Developer Liam Carroll, the poster child of the developer made billionaire by the house price boom, will face one of the biggest battles of his business life in the coming weeks, when a case taken by developer Noel Smyth, who owns most of The Square shopping centre in Tallaght in west Dublin, begins in the commercial court.
Smyth is seeking €150m in damages against Carroll, developer Larry O'Mahony, former IRA hunger striker turned developer Tom McFeely, and related companies called Tafica and Aifca.
If Carroll's side loses, it would be a significant body blow to the developer at a time when his main company, Danninger, is asking creditors to accept 60 cent for every euro owed.
Smyth says delays to the proposed expansion of the Tallaght shopping centre cost him about €70m in lost capital allowances and is seeking additional damages, restitution for loss of profits and legal fees.
The case arose after Smyth secured planning permission for a €300m development at The Square on land where Lowe Taverns (Tallaght), a subsidiary of Aifca, had a car parking licence. Smyth had to acquire that licence to allow the development to go ahead and needed to complete the development by June of last year to claim the allowances. He also had numerous retailers interested in opening in the extension.
Smyth's Redfern vehicle is claiming that a breach of contract by Aifca, which was owned by McFeely and O'Mahony, delayed work on the development. O'Mahony and McFeely in turn say they entered an agreement with Carroll to refinance their loan facilities in September 2006 and, as a result, Carroll subscribed for more than 50% of the issued share capital of Aifca, meaning they no longer control the company.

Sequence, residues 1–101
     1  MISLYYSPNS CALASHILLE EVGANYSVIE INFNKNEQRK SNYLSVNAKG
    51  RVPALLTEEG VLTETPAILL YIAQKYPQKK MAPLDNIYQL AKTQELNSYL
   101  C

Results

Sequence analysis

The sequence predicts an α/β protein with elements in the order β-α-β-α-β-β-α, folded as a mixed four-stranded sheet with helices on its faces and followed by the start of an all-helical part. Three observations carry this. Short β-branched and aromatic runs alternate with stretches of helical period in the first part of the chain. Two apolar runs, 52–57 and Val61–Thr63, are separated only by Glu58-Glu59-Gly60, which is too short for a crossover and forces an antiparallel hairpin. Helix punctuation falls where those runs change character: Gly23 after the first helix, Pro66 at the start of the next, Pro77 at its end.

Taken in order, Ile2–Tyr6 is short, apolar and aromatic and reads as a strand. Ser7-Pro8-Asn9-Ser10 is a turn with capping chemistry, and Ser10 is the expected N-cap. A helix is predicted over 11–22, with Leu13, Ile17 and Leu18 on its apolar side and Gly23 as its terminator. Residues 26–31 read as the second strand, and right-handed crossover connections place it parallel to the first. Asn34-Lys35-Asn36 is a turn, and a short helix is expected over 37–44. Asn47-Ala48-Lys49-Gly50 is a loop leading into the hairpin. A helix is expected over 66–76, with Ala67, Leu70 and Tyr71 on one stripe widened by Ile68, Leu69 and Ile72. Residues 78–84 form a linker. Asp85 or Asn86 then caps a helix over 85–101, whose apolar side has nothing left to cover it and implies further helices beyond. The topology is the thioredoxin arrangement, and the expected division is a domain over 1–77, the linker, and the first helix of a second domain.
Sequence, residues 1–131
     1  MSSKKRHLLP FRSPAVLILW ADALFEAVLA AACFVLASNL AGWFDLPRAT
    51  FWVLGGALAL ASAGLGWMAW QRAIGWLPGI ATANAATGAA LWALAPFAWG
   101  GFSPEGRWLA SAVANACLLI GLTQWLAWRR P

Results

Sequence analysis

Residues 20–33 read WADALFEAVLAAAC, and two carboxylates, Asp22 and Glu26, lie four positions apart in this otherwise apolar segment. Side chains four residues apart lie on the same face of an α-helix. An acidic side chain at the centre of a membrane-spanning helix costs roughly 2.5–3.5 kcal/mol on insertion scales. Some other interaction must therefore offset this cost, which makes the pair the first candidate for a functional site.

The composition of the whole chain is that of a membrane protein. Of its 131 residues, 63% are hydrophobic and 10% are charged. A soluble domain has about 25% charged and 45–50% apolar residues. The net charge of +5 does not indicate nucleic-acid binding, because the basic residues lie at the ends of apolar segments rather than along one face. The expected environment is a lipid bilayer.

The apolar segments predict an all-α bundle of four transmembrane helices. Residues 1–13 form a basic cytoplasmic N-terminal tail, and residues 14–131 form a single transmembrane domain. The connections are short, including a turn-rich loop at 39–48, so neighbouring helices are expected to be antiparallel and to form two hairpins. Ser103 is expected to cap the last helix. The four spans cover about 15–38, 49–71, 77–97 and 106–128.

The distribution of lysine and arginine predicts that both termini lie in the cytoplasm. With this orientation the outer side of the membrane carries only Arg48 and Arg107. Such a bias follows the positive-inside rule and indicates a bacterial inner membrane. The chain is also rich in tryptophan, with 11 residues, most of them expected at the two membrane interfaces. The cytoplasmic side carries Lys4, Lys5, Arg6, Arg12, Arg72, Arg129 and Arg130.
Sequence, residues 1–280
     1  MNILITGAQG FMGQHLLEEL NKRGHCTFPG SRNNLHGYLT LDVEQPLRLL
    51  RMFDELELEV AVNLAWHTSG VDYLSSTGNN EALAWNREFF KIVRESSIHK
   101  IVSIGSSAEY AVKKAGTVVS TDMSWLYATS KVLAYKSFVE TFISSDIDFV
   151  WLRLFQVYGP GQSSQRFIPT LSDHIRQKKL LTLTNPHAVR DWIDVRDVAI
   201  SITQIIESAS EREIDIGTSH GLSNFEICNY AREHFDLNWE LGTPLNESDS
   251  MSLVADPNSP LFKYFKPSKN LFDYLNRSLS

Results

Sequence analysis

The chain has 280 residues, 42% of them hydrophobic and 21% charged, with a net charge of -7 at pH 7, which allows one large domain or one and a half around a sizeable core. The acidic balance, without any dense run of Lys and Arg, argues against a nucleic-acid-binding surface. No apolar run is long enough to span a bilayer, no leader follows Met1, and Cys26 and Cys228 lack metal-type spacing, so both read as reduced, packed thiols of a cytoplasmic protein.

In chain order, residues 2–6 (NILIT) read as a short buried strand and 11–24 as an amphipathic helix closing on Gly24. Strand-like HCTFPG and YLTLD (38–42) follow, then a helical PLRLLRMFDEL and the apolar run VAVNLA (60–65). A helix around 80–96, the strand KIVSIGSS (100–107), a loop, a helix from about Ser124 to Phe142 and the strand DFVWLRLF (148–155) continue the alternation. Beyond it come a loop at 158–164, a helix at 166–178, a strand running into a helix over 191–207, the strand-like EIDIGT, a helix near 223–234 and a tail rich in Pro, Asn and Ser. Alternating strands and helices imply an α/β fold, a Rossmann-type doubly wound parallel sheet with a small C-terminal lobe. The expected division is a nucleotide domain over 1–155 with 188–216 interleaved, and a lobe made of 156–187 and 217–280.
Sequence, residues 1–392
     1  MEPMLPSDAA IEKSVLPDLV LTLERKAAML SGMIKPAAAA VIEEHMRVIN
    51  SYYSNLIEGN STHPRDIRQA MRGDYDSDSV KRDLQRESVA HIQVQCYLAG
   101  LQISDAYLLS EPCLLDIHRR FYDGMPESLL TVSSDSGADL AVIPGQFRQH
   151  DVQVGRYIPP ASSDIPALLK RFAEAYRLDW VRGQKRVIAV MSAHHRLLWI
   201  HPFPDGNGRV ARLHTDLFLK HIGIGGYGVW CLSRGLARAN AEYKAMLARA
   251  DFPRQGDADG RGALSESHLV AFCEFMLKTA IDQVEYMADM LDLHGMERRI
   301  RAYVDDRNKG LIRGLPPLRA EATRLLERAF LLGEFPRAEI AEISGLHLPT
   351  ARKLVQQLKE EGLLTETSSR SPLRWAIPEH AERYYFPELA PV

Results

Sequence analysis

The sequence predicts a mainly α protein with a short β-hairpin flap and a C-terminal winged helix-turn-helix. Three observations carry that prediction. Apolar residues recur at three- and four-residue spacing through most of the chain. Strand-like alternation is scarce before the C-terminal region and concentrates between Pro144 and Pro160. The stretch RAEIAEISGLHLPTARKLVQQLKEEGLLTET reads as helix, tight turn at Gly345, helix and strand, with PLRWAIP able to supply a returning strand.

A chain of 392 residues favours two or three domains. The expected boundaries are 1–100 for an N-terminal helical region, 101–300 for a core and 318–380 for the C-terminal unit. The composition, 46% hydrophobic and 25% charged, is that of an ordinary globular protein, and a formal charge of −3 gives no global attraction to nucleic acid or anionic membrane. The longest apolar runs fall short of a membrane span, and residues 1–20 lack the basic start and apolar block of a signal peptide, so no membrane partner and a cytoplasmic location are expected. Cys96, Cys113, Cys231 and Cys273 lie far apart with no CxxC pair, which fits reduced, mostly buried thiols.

In a contingent liabilities note in its 2006 accounts, Aifca states that if the company, its directors, Lowe Taverns (Tallaght) or any connected person, transfers, surrenders or loses the benefit of the licence, then McFeely and O'Mahony are due an extra €5m within 14 business days.
There have been attempts at mediation between Smyth and the others but they came to nothing.
The case was due to begin on Tuesday but Larry O'Mahony appealed that date to the Supreme Court, who heard a case last Wednesday relating to access to documents. He has since been given access to the documents.
O'Mahony and McFeely are expected to represent themselves after their solicitors, Ivor Fitzpatrick & Co, told the courts in April that they would no longer be representing the duo. The case will therefore only be mentioned on Tuesday before Mr Justice Peter Kelly with a delay of at least a week likely before hearings begin.
Listed for eight weeks, sources suggested it could last as long as 12 weeks and the estimated bill for the court appearances alone would be €2.5m to €3.5m for each side.
Ironically, the delays could all have been avoided by the intervention of the local authority if new retail planning guidelines proposed for greater Dublin had been in operation at the time. The draft guidelines recommend that local authorities "should allocate sufficient sites and expansion areas" to allow town centres to grow and "where necessary use compulsory purchase powers to bring forward important sites".